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A New Hampshire woman and her husband have taken legal action against Eataly Boston LLC for an ankle injury that she says she suffered from slipping on a piece of meat in the Italian market.
In the Friday lawsuit, Alice and Ronald Cohen allege a count of negligence and a count of loss of consortium in connection to the wife suffering a fracture that they say resulted from her slipping on prosciutto on Eataly Boston’s floor. The prosciutto-related fall occurred roughly 10 months ago as they visited the market, according to the complaint.
She slipped and fell near where customers could try samples of food, the lawsuit said. Her injury was described as a “left ankle sprain and distal fibular avulsion fracture.”
The lawsuit accuses Eataly Boston of “breach[ing] [its] duties by failing to ensure that the floor was safe for Plaintiff and other patrons, by failing to ensure that the floor was free from unnecessary dangerous conditions, by failing to adequately prevent and/or remove hazards from the premises and by failing to warn Plaintiff of the dangerous conditions.”
FOX Business reached out to Eataly and the couple’s lawyer for comment. The Massachusetts capital city has had the 45,000-square-foot Eataly location since the fall of 2016.
In the lawsuit, the Cohens request damages “sufficient to compensate them fully and fairly for all the injuries and damages, including physical and emotional pain and suffering, and loss of consortium.” They also want “interest costs and such further relief as the Court may deem proper,” according to the complaint.
They have seen more than $7,500 in costs for treatment of the wife’s ankle injury, a filing said. The complaint argues that damages could top $50,000.
The Eataly brand dates to the 2000s, when founder Oscar Farinetti created the first one in Italy.
Republican presidential candidate and Florida Gov. Ron DeSantis is re-upping his call for Disney to drop its lawsuit against him and other state officials in his ongoing fight with the entertainment giant, warning the company it is “going to lose.”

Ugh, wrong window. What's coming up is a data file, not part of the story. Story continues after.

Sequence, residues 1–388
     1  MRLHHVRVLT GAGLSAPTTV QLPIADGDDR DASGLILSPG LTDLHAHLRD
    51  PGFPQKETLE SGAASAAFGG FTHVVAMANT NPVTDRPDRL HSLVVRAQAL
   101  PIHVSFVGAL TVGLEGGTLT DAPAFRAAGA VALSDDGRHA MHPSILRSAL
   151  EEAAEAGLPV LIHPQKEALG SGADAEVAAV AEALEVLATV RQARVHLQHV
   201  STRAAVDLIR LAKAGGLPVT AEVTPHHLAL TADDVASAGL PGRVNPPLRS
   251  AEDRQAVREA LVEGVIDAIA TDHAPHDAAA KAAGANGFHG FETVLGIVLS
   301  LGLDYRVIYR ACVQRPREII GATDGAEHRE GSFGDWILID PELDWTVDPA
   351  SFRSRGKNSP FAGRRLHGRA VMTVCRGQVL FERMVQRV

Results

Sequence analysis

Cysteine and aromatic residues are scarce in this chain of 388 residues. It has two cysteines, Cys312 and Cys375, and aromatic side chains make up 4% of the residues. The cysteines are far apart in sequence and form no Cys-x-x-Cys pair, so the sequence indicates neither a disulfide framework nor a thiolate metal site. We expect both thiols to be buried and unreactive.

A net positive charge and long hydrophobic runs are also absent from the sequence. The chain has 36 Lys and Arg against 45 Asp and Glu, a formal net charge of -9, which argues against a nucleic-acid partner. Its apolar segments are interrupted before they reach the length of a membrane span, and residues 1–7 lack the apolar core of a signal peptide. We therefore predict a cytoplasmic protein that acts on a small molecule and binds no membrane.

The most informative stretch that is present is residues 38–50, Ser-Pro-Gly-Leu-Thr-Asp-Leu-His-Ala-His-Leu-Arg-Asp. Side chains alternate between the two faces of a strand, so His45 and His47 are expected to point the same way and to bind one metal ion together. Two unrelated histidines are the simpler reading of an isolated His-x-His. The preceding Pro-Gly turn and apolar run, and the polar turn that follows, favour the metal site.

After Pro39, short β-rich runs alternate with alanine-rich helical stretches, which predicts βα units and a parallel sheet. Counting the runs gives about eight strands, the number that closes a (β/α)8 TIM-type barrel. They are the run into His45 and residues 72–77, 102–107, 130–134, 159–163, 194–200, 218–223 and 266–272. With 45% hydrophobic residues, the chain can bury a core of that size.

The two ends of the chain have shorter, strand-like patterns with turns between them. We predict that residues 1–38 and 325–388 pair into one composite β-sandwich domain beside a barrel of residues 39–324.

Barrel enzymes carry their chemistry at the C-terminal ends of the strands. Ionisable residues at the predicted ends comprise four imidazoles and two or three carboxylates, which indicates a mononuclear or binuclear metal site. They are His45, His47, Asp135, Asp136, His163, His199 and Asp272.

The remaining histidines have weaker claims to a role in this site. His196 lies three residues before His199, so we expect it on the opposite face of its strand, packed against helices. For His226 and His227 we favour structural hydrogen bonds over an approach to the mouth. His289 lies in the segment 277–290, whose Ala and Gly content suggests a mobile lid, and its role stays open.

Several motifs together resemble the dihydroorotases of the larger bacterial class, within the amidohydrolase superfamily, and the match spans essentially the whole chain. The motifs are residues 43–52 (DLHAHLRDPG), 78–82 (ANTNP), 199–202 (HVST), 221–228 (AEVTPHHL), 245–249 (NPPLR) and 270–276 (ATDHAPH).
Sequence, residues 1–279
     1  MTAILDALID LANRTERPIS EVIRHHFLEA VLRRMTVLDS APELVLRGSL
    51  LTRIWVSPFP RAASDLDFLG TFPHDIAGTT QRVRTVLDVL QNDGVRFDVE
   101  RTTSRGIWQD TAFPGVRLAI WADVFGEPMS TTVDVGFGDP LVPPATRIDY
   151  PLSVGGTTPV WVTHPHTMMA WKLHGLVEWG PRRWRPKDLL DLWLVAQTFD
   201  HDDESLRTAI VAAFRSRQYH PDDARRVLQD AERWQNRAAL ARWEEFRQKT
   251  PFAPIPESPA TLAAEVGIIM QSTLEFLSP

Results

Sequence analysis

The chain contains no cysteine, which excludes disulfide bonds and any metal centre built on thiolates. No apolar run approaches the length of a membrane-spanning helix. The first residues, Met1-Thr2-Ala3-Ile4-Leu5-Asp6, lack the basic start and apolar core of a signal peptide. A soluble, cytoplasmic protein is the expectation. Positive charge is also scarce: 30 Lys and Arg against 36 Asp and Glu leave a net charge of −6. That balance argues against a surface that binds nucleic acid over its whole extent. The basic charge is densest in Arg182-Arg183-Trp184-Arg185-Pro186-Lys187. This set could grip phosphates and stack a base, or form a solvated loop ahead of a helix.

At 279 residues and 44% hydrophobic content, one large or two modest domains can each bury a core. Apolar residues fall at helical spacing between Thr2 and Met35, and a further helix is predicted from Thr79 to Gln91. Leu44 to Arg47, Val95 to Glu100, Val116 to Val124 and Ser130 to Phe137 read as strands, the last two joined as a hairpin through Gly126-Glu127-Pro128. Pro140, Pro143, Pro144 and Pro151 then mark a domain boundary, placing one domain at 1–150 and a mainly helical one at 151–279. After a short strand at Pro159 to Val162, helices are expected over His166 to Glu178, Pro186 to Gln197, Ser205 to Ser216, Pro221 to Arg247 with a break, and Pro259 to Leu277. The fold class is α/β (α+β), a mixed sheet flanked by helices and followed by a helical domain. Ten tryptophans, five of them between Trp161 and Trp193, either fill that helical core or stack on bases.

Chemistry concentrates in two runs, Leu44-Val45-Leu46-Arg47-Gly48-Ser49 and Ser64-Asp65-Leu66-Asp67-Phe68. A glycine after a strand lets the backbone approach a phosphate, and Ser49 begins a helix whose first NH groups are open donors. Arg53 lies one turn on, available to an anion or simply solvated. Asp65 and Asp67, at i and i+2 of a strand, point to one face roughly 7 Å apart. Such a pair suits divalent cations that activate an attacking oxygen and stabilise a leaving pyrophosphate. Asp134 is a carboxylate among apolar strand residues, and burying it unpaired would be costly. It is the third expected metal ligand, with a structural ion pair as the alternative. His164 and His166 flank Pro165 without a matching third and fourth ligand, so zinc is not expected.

DeSantis was asked during a sit-down with CNBC what he would say to Disney CEO Bob Iger if the governor were to call and discuss what has become a very public feud that began under former Disney chief Bob Chapek.
“I would just say go back to what you did well, I think it’s going to be the right business decision,” DeSantis said. “We’ve basically moved on, they’re suing the state of Florida, they’re going to lose that lawsuit. So what I would say is drop the lawsuit.”
DeSantis said Disney has had problems apart from its battle with Florida, and said he believes “parents have lost some confidence that this is a company that’s really speaking to what they want, the way it had been traditionally.”
The governor noted that he and his wife were married at Walt Disney World, “so it’s not like we’re opposed,” and said that “we’ve appreciated working with them over the years.”
DeSantis went on to tout his state’s low unemployment rate and business-friendly environment, and suggested Disney could continue to thrive without the self-governing authority it is suing over losing.
“Your competitors all do very well — here at Universal SeaWorld, they have not had the same special privileges as you have,” DeSantis said in his message to Disney. “So all we want to do is treat everybody the same and let’s move forward. I’m totally fine with that. But I’m not fine with giving extraordinary privileges to one special company at the exclusion of everybody else.”
The Walt Disney Co. did not immediately respond to FOX Business’ request for comment on DeSantis’ remarks.
The feud between Disney and DeSantis began last year when the company publicly came out against Florida’s Parental Rights in Education law, coined the “Don’t Say Gay” bill by critics, which bans classroom instruction about gender identity or sexual orientation in lower grades.
DeSantis responded by pushing the Florida legislature to strip Disney’s self-governing authority and create the Central Florida Tourism Oversight District CFTOD, which now has control over the park’s development.
However, before the new board took control, Disney pushed through changes to the special tax district agreement that limited the board’s action for decades.
Walt Disney Parks and Resorts U.S. Inc. sued DeSantis, Florida Department of Economic Opportunity Secretary Meredith Ivey and members of the CFTOD in April over the move, claiming the defendants violated the company’s free speech rights in a “targeted campaign of government retaliation.”
DeSantis asked a federal judge to toss the lawsuit in June, saying Disney’s case has no merit and the officials have immunity.
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